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Latest From Live To Explore

  • Try One of these great Campfire Recipes (SurvivalLife.com)

    Try One of these great Campfire Recipes (SurvivalLife.com)

    Next time you're around a campfire either during an adventure or at home, check out one (or several) of these great campfire recipes from SurvivalLife.com

    Read More
  • Insulated Tumbler Test | 2017

    Insulated Tumbler Test | 2017

    Insulated pints/tumblers are currently one of the top buys in the outdoor community, and for good reason. They usually come with a leak-resistant top so they’re great for on the go or around the campfire. Most versions are rated to hold the heat (or cold) for many, many, hours.

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  • Review: 1862 David Walley's Resort | Genoa, NV

    Review: 1862 David Walley's Resort | Genoa, NV

    Since purchasing a timeshare week at Grand Lodge on Peak 7 in Breckinridge, Colorado about 6 years ago, we’ve had the opportunity to visit quite a few other timeshare resorts around North America. Luckily, our Summer/Fall week at Breckenridge trades quite well, so we usually see some amazing places. During

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Latest Exploring Articles

2009 Patagonia R2 JacketAbout the Patagonia R2 Jacket

The Patagonia R2 is part of the line of regulator line of fleece jackets offered by Patagonia that provide varying levels of insulation and protection from the elements. The R2 is the ultra-compressible high-loft option designed to be worn under a shell. The R2 surprised me with a weight of just 13.625 oz (medium) and the ability to compress down to the size of a large grapefruit. The R2, however, is not your entry level fleece. At $175 the R2 can be a little pricey for someone looking for a fleece to just kick around town in. You can see our first impressions of the Patagonia R2 Jacket here.

Merrell Chameleon3 Stretch
About the Chameleon3 Stretch

The Chameleon3 Stretch shoes are lightweight mesh and nubuck leather, providing superior ventilation. The Vibram sole provides exceptional grip.

First impressions of the Merrell Chameleon3 Stretch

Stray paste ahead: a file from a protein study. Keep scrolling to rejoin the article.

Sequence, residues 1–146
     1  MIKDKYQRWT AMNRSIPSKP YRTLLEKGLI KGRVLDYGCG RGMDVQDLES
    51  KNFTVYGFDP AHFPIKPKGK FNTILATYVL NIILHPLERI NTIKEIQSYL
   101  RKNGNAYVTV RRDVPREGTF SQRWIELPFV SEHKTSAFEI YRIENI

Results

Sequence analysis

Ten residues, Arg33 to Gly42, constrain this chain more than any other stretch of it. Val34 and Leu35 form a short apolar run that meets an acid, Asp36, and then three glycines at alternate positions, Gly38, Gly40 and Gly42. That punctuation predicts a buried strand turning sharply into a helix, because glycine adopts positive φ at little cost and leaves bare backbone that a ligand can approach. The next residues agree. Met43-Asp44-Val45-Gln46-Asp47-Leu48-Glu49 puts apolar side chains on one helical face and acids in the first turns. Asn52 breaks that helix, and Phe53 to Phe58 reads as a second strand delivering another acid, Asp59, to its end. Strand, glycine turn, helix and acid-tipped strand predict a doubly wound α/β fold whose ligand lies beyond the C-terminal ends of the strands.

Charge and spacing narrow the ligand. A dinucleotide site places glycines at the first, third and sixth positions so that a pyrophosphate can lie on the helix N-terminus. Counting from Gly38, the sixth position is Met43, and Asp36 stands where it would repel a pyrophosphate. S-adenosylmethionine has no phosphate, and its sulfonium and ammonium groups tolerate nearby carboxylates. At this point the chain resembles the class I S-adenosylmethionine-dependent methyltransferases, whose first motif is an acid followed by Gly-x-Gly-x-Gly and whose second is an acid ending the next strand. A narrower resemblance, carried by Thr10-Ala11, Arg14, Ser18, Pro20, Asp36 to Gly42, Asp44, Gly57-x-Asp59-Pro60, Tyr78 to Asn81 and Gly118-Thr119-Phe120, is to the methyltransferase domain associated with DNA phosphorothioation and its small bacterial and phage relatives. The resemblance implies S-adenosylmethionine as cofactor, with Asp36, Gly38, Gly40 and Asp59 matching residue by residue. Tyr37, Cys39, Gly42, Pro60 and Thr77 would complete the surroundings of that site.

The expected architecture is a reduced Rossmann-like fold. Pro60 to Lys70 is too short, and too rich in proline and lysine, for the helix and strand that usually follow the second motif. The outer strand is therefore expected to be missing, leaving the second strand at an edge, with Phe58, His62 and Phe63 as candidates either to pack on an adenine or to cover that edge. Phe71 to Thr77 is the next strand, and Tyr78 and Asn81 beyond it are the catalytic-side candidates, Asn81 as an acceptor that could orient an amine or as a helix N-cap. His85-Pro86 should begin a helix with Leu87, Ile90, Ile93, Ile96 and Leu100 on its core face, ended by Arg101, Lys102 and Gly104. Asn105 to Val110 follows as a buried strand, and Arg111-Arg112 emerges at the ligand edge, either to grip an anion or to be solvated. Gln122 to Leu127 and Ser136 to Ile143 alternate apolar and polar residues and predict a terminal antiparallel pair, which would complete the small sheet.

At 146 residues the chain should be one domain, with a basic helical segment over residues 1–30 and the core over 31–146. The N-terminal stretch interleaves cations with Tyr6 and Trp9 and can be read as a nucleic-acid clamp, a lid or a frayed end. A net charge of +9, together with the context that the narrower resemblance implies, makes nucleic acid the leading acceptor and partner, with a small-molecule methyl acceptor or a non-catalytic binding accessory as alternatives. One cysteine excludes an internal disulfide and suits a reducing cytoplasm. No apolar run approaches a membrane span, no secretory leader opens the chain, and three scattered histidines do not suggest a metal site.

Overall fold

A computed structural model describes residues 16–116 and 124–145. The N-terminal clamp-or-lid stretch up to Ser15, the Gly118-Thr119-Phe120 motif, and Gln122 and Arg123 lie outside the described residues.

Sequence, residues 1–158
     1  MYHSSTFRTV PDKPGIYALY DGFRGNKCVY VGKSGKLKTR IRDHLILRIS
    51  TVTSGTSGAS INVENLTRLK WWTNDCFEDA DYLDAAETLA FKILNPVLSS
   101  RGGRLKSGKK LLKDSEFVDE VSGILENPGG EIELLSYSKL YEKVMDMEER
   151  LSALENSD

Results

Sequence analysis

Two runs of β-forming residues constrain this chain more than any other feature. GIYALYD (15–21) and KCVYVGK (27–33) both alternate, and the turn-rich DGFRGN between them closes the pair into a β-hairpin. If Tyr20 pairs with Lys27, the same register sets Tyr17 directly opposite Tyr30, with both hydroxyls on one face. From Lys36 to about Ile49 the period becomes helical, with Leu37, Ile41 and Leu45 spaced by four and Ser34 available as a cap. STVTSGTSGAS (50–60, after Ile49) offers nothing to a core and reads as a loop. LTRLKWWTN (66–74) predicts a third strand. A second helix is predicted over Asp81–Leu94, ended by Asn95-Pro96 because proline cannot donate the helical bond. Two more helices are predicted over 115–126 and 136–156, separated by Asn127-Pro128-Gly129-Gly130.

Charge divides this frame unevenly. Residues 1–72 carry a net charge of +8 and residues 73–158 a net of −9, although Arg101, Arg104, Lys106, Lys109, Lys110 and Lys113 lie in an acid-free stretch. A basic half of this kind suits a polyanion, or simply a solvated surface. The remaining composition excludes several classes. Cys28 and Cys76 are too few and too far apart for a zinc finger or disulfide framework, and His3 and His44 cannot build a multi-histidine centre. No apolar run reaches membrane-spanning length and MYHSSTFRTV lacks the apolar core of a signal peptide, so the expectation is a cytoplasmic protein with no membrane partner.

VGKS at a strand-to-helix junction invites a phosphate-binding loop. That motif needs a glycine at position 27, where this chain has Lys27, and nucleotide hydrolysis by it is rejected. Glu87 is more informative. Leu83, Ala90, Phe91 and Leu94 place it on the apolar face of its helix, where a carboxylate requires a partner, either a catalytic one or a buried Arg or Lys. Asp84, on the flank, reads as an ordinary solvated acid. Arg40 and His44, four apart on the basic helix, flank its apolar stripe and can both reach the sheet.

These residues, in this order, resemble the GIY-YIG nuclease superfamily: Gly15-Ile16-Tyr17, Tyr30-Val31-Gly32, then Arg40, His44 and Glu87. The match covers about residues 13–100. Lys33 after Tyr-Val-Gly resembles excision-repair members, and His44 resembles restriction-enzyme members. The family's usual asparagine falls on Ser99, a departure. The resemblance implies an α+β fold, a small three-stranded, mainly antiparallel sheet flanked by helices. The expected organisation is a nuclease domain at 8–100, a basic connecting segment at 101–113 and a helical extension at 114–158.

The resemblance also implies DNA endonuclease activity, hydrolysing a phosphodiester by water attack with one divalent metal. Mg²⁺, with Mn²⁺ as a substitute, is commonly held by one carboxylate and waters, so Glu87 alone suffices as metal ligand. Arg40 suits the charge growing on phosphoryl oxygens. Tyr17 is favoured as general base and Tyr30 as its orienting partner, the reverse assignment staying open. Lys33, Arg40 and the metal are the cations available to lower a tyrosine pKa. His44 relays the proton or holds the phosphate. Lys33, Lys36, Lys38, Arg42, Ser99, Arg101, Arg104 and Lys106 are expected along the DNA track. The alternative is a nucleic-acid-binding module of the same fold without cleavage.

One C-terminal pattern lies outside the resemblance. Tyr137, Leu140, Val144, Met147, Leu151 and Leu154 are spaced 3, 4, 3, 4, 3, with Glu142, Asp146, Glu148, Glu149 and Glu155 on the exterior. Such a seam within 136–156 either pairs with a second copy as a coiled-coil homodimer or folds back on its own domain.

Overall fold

My love affair with the Merrell Chameleon Stretch began when I found a pair on sale at Nordstrom's Rack during a forced (read: girlfriend-motivated) shopping trip a couple of years ago. I haven't hiked or backpacked in another shoe since. At the end of last season I was strongly encouraged (again, read: girlfriend-motivated) to throw away my old pair. It was hard, as those shoes and I have seen numerous countries on several continents, a handful of national parks and countless miles, but admittedly, it was time. I just received my new Merrell Chameleon3 Stretch shoes and they are much as I remember them.  The fact that they are wearable right out of the box with no break-in required makes the Chameleon3 Stretch a blessing.  They fit snugly and the elastic tensioners eliminate the need for laces. Keep in mind the Merrell Chameleon3 Stretch shoes are not designed for backpacking with heavy loads over rough terrain. They are basically a scrambling shoe that can be used for backpacking only if you keep your pack weight down. A Gore-Tex version is made by Merrell, however they seemed to be out of stock everywhere I look when I was ready to order, so I settled for the non-Gore-Tex version and waterproofed them myself with Nikwax Nubuck and Suede Waterproofer.

Testing the Merrell Chameleon3 Stretch

We recently returned from Costa Rica where the Merrell Chameleon3 Stretch was put to the test as my shoe of choice (when I wasn't in flip-flops, of course). It endured zip-lining, hiking, canyoneering, and girlfriend-motivated (sensing a trend?) souvenir shopping.  It is also on my feet on my way to Colorado where it will serve as my approach shoe for two weeks of climbing in and around Colorado and Utah.